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we're only supporting HTTP as traffic only.
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On the right-hand side is
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the actual ARM template deployment file.
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Here we take those parameters and use
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them to define the resource we want to deploy.
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Again, it's a storage account and we're
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inputting those parameters and as the name,
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the location, and some
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of the properties for the storage account.
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You can see here, we're just defining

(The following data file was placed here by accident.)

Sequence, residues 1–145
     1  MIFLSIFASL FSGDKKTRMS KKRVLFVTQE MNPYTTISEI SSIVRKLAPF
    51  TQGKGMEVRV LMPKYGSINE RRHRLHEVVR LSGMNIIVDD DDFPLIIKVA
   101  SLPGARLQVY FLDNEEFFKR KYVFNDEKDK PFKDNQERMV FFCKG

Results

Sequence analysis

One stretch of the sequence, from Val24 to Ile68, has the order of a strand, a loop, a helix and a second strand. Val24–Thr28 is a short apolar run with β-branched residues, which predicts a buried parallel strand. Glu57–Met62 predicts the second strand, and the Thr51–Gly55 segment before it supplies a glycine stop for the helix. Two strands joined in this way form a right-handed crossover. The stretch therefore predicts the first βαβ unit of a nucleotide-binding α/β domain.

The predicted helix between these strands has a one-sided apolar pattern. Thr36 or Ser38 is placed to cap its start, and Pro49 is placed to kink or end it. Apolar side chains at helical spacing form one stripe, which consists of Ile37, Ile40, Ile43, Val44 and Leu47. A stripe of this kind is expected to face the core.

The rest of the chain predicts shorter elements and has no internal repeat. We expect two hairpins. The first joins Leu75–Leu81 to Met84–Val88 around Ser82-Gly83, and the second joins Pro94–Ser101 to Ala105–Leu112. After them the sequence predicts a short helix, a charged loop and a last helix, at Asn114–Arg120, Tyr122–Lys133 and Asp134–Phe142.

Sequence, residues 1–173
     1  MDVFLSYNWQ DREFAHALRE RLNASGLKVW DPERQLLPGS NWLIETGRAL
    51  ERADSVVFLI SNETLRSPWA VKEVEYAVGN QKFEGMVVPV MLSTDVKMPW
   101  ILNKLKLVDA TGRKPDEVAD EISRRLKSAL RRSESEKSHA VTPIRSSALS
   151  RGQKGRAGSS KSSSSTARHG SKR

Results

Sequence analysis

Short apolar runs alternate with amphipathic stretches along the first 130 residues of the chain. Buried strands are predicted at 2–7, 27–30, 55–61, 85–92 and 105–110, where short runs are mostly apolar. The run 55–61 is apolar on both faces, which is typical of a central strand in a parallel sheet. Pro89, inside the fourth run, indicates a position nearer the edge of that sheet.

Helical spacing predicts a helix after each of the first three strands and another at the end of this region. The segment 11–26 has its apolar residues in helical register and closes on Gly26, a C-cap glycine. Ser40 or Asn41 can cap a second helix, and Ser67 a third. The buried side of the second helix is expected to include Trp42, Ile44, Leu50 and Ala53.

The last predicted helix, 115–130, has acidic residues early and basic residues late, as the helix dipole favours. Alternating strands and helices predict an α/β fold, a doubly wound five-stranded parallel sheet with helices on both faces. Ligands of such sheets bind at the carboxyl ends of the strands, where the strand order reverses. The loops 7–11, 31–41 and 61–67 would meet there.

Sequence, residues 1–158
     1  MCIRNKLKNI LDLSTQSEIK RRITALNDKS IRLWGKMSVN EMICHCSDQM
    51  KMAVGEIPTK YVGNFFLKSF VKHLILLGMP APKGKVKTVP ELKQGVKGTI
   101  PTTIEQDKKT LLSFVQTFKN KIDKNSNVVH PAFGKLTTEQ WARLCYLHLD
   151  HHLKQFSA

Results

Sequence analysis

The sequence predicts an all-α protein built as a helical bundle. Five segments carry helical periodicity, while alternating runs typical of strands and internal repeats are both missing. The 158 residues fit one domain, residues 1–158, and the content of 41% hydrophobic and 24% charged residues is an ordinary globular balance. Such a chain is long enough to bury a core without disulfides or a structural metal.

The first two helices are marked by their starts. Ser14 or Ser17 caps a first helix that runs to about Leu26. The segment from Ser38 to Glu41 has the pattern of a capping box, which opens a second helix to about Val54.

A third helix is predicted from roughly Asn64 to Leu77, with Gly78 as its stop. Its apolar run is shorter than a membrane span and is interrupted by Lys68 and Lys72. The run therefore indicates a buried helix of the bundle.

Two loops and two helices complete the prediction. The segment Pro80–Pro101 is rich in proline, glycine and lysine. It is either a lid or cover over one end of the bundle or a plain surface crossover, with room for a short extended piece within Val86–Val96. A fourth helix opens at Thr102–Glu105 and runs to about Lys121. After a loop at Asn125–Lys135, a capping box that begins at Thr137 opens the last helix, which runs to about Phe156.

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how we want the storage account to be made.
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We don't have to worry about writing
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out logic to actually deploy it.
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This is the responsibility of
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the Azure Resource Manager service itself.
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It will take these properties and just go create it
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based on what we've declared in this ARM template.
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Let's jump back out to the Azure portal